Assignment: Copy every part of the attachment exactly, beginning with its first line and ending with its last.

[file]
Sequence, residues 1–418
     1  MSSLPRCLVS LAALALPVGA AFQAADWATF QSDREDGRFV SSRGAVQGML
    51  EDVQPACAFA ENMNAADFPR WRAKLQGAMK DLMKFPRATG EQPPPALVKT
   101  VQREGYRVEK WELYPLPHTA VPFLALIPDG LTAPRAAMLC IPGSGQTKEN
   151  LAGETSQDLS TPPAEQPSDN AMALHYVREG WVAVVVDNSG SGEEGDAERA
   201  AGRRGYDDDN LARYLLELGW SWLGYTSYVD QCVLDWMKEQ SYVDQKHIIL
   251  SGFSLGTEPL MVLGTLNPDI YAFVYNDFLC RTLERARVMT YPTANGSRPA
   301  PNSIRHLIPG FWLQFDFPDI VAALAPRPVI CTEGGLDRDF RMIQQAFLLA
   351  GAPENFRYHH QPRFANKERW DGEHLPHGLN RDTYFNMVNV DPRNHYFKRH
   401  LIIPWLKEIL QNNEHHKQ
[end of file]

Sequence, residues 1–418
     1  MSSLPRCLVS LAALALPVGA AFQAADWATF QSDREDGRFV SSRGAVQGML
    51  EDVQPACAFA ENMNAADFPR WRAKLQGAMK DLMKFPRATG EQPPPALVKT
   101  VQREGYRVEK WELYPLPHTA VPFLALIPDG LTAPRAAMLC IPGSGQTKEN
   151  LAGETSQDLS TPPAEQPSDN AMALHYVREG WVAVVVDNSG SGEEGDAERA
   201  AGRRGYDDDN LARYLLELGW SWLGYTSYVD QCVLDWMKEQ SYVDQKHIIL
   251  SGFSLGTEPL MVLGTLNPDI YAFVYNDFLC RTLERARVMT YPTANGSRPA
   301  PNSIRHLIPG FWLQFDFPDI VAALAPRPVI CTEGGLDRDF RMIQQAFLLA
   351  GAPENFRYHH QPRFANKERW DGEHLPHGLN RDTYFNMVNV DPRNHYFKRH
   401  LIIPWLKEIL QNNEHHKQ